I think that’s an important part of listening and one element in relationships (especially marriage) that’s vitally important. The willingness to be wrong (and to admit that you’re wrong) is an important characteristic in one’s ability to actually listen with intent.

I know a lot about blogging and I’ve been doing it for a long time but I don’t have all the answers and I know that I’ve got a lot to learn. I appreciate the community here and I’ve become a better blogger because of you!

Love to hear any other thoughts on how you’ve seen bloggers be exceptional listeners with their community!

And, how can I listen better to you here on TentBlogger?

  • http://flurrycreations.com/theblog John

    It amazes me how many people bloggers are still stuck in broadcast mode. I never thought of posting “hours” on my blog but that is a great idea. Maybe twitter hours am and pm.

    • http://john.do John Saddington

      ;)

  • Randy Cantrell

    Always learning something from you, John. Thanks!

    • http://john.do John Saddington

      thanks randy! i’m trying my best.!

  • http://dustinstout.com Dustin W. Stout

    This is something I have been dedicated to from the beginning. I knew from launch that I didn’t want my blog to be a monologue, but a dialogue instead.

    • http://john.do John Saddington

      any great blog posts examples so far on your blog?

      • http://dustinstout.com Dustin W. Stout

        My very first social media post was basically me asking “What would you like to know about social media?” and I didn’t get as many responses as I would have hoped, but it was my FIRST post. I will be re-posting periodically so I anticipate more community questions.

        • http://john.do John Saddington

          sweet!!

  • Brandon

    I love your blog, but one thing I (and I am sure many other people) am having is my traffic. I am not getting very much traffic at all. I went from having about 70 average to now about 50. I don’t know if it is the time of year or what, but I am putting out better content now than ever…

    Just wanted to know your thoughts on how to get my traffic up because it is one reason for me not writing such in-depth posts and really spending a lot of time designing it…

  • http://Benrwoodard.com Ben

    You’ve brought out some really interesting points in this article John. There definitly has to be a balance. I’m looking at this from a church leadership standpoint. If you have a pastor that doesn’t delegate or allow others to take on the vision you can end up with an effective ministry but it is limited in scope.
    Part of building a community has to be allowing others to take on your vision and run with it.

    I’ve begun seeing that on Tentblogger as well as other blogs I frequent. As they grow in numbers they encourage (usually indirectly) others to answer questions or step into a discussion that’s headed nowhere. I love that.

    From this side of things, I get a little irritated when someone walks into a room and all the sudden begins asking questions or confronting “errors” they see. In order to be an effective speaker (that the “listener” wants to respond to), one has to be an effective listener themselves. I’ve put my foot in my mouth so many times on blogs and comments when I didn’t look into the sitution like I should have.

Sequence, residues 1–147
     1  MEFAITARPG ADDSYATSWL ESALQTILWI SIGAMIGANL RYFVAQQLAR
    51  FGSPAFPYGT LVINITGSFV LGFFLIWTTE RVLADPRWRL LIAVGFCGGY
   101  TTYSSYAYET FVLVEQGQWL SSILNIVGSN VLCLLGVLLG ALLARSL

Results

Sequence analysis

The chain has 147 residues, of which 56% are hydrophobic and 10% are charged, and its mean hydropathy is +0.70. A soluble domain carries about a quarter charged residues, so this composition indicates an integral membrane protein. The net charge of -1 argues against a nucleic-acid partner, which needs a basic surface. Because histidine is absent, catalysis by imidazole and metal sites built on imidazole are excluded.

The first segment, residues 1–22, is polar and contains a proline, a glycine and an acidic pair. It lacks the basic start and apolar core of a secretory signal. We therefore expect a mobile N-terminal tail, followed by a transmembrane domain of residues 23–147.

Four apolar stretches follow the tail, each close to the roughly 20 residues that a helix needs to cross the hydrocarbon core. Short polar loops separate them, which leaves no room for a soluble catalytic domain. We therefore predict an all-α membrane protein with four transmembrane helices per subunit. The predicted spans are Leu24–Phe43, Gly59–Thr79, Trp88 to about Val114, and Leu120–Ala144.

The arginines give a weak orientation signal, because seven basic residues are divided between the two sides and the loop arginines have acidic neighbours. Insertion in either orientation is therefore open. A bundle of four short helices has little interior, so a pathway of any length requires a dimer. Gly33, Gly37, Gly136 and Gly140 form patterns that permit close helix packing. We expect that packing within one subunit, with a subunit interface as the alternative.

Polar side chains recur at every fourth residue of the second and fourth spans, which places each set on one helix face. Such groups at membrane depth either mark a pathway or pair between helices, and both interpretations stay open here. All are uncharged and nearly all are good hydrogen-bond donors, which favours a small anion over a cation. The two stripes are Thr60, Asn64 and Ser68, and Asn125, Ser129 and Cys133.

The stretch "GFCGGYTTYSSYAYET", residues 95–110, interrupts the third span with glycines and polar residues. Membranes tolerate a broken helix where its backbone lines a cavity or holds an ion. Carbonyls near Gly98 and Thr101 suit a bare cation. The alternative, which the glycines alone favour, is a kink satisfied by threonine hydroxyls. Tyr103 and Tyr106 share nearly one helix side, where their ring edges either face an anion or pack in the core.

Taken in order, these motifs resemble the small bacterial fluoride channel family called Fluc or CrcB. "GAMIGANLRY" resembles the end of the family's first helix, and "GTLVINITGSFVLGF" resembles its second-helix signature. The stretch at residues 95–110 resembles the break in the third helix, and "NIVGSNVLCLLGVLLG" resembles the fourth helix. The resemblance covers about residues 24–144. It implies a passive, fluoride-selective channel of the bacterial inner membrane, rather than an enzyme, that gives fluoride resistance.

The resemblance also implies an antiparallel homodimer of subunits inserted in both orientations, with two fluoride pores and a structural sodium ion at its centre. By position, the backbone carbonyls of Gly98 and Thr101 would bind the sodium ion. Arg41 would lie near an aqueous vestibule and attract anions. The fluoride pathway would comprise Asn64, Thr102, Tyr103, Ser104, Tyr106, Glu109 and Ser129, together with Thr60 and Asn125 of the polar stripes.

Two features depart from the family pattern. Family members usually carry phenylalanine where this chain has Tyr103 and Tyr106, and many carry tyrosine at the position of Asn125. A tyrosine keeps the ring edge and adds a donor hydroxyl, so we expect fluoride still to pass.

John and community, thanks for listening!

    • http://amethystwebsitedesign.com Marcy

      Ben, Thanks for sharing your thoughts on church vision. I really needed to hear that.

      • http://benrwoodard.com Ben

        Your welcome Marcy.

      • http://john.do John Saddington

        ben’s a great guy… isn’t he?

    • http://john.do John Saddington

      sure ben! glad you’re here. seriously!

  • http://www.LaurindaOnLeadership.com Laurinda

    I love the idea of posting hours! That’s so cool. I never considered that. I will think about this for my blog and social media activities.

    • http://john.do John Saddington

      let me know what you come up with!

  • @jakemusselman

    These are good thoughts. But not easy thoughts. I like how you’ve boiled it down to expectations. What does the community expect of you? And what do you expect of the community? When the expectations are inline everybody is pleased. When they aren’t frustration ensues.

    • http://john.do John Saddington

      i think you’re right! expection management is crucial.!

  • http://www.alanknox.net Alan Knox

    Very good points. I’ve also found that, when replying to commenters, it helps to find something you and the commenter agree on, and to ask for further clarification or explanation on points that you may disagree on.

    -Alan

    • http://john.do John Saddington

      i like this!

  • http://chrisvonada.com chris vonada

    John,

    This is very helpful, thank you! I’ve found it is also helpful to seek and obtain advice/feedback from friends that will tell you exactly how they see it, not necessarily what you want to hear but just the honest truth as they see it.

    “The willingness to be wrong (and to admit that you’re wrong) is an important characteristic in one’s ability to actually listen with intent.” JS – THE quote of the week!!

    Chris

    • http://john.do John Saddington

      i try… it’s easier said than done!

  • Scott Moreno

    Great post! Being a good listener and utilizing some of these points not only can have a positive impact on your blog, but personal and work life as well. If everyone’s boss perfected these listening skills, everyone would benefit and issues would easily be resolved. We live in a very diverse world and everyone has something different to offer. Thanks again.

    • http://john.do John Saddington

      i thrive on diversity and diverse thinking! interesting how we seek to stop it so often…!

  • http://www.furmanifesto.com Jon

    This tips are money. Thanks for sharing your wisdom.

    • http://john.do John Saddington

      thnaks jon!

  • http://www.furmanifesto.com Jon

    And by “this” I mean these!